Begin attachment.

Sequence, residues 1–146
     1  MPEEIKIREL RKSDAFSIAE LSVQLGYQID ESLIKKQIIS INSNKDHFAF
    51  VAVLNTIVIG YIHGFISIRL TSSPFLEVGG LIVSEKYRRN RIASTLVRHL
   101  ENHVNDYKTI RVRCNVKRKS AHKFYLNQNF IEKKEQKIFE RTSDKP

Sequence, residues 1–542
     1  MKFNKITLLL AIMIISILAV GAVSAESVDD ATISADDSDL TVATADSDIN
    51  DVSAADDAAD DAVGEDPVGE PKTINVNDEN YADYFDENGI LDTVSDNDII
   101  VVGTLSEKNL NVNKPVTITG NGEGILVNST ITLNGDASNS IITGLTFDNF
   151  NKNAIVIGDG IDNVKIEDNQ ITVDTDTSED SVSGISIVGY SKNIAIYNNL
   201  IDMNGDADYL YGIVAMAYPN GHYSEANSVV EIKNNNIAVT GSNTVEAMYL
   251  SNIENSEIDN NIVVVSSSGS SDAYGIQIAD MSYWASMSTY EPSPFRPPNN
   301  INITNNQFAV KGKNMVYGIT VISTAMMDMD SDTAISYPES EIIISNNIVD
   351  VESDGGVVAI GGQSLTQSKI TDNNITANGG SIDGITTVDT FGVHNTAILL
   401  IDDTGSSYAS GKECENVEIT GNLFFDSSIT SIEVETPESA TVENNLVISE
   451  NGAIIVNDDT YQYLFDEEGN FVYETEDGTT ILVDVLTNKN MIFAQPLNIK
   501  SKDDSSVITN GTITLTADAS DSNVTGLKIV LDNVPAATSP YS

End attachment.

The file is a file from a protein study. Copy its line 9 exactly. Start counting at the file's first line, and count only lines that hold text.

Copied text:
   151  NKNAIVIGDG IDNVKIEDNQ ITVDTDTSED SVSGISIVGY SKNIAIYNNL